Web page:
CLEFT PALATE A cleft palate is made when the roof of the mouth does not completely develop and leaves a gap. Children with a cleft palate may have difficulties in feeding, hearing and speech development. It is generally agreed among physicians that medical procedures to repair cleft palate issues can begin as early as six months, but depending on the individual, may be delayed as long as 18 months. Exactly when the procedures begin is dependent on your child's health conditions and professional opinions of attending physicians and surgeons. Cleft palate repair will likely entail multiple surgeries from infancy through later childhood. In some cases, these procedures may extend into teen years. Complete treatment of cleft palate issues may include plastic surgery; ear, nose, and throat procedures, dentistry, and orthodontics. During this treatment process, bone grafts may become necessary. Further therapy from nutritionists and speech pathologists may also be necessary to achieve the maximum amount of normality possible for your child.
CLEFT LIP A cleft lip is made when the tissues of the upper lip do not completely join, leaving a gap. Cleft lip surgery is normally necessary to achieve a normal appearance and functionality of the upper lip. Doctors first apply the “rule of tens,” (at least 10 pounds, at least 10 weeks old, and a hemoglobin count of 10 grams) in deciding when to begin surgical repair procedures. The exact time to begin these procedures is a decision made by attending physicians and surgeons depending on your child’s health conditions. The goal of cleft lip repair is to restore normal appearance and functionality in eating. Cleft lip repair and recovery, like a cleft palate, may require a team approach to achieve normal nursing, eating and later speaking abilities. While cleft lip repair may be achieved with one surgery, the possibility exists that further procedures may be necessary all the way into adolescence.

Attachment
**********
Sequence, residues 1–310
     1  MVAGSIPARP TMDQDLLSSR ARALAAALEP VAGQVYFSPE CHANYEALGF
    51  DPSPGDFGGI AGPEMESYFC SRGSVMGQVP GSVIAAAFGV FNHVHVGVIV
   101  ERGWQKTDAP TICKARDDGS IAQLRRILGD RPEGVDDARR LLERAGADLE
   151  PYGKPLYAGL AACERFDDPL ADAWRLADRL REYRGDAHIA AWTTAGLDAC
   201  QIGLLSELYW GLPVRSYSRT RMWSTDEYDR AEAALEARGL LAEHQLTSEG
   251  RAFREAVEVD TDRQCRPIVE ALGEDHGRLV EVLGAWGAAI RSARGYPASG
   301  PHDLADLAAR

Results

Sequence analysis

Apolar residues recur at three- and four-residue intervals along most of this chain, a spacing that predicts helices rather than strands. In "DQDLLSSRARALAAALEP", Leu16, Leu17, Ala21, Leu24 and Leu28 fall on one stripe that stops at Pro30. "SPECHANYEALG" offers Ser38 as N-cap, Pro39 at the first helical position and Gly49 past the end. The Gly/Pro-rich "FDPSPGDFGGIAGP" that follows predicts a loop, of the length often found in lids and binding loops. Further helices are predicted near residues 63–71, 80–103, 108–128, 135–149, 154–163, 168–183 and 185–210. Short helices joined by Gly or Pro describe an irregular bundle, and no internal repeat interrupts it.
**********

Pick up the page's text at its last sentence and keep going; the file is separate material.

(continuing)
HEART DEFECTS Heart birth defects brought on by Zofran are commonly called “holes in the heart.” One such defect, and the most common, is properly named “ventricular septal defect.” Ventricles are the right and left lower chambers of the heart. As the heart develops, a wall grows between the two ventricles to separate them. If the wall does not completely form, the infant will be born with a ventricular septal defect. The second defect is called is called an atrial septal defect. Atriums are the right and left upper chambers of the heart. The right and left atriums develop similarly to the ventricles as a wall develops between the two chambers. Normally, the wall growth is completed around the time of birth. If the wall fails to close before birth, the defect occurs and allows increased blood to flow from the left to right atrium. This condition is called a shunt which may cause increased pressure in the lungs. The shunt may require surgery to correct the blood flow. This information is provided only to familiarize you with the developmental defects your child may be suffering. If you suspect that any of these conditions exist, the first thing to do is to immediately contact a doctor and seek professional medical advice and treatment for your child.
WHAT TO DO The first priority is to ensure that your child has the best possible medical evaluation and care. If, during that process, it is determined that Zofran may be the underlying cause of any of these defects, you may qualify for compensation for the substantial costs, emotional issues and other legitimate expenses you will encounter as you seek treatment and follow-up therapy.